Here are the first 8 chapters of my 83-chapter novel. Please give it a read and if you're interested in the rest of it, just click here (Kindle format only, which you can read on any PC, Mac, iPhone/iPad, or Android device through the Kindle app), or hit the book link along the left panel of this blog, or go to Amazon and search for my name or the novel's title.
Ask, and it will be given to you; seek, and you will find; knock, and it will be opened to you.
Seven loud, laughing kids played a fast-paced game on the blacktop with a red playground ball. Nothing organized or structured, really; just a bunch of 6-year-olds throwing it around, with a few keeping it away from the rest. The warm, spring air was gently perfumed by the lilac-blossomed trees in the yard across from the light brown, one-story brick school. Recess was always cruelly short on these perfect weather days, and every last ounce of energy had to be expended before heading back inside for the rest of the afternoon.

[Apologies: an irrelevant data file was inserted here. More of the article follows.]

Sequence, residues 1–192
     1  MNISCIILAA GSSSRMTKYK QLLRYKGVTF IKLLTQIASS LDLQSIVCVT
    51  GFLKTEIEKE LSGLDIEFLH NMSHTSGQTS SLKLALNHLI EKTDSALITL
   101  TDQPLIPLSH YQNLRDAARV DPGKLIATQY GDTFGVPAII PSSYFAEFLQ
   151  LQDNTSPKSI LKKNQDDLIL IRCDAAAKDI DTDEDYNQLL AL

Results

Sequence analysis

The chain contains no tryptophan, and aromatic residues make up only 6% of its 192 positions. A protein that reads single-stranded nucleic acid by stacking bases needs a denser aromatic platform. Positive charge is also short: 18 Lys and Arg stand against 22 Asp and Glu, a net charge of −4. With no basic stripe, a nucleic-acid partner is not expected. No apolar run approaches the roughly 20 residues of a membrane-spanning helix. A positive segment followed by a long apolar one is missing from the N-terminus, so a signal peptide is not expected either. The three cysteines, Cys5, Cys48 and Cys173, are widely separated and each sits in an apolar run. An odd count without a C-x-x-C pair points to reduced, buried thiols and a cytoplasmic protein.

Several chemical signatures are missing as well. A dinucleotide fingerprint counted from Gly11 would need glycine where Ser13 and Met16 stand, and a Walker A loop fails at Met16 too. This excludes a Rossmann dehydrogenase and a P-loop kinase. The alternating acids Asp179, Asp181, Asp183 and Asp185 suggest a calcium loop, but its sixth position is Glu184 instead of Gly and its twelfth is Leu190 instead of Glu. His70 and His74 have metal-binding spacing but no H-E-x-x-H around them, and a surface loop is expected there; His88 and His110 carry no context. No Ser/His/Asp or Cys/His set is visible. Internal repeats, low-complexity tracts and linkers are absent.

Ryan accidentally threw it over the chain link fence, where it slowly bounced and then rolled into the street. It was Sarah's fault; she could have easily reached over her head to grab it, even though the toss was a little high. She didn't even try though, and the rule was, “whoever threw it has to go get it.”
Quickly, before the teachers could see what had happened, Ryan scampered around the fence to get the ball. He'd likely receive a nice scolding if a teacher or playground monitor saw him, but he could not afford to waste precious seconds on getting a grownup to help.
After checking to make sure that no cars were coming, the short, wiry boy with a mop of straight, sweaty, dark brown hair ran out to grab the ball. He wasn't as careful as he had thought. A car materialized seemingly out of thin air and launched him into the sky upon impact. The screeching sound of tires skidding along pavement with brakes completely locked up was accompanied by the noxious odor and smoke of burning rubber. Little Ryan was dead before he landed back on earth.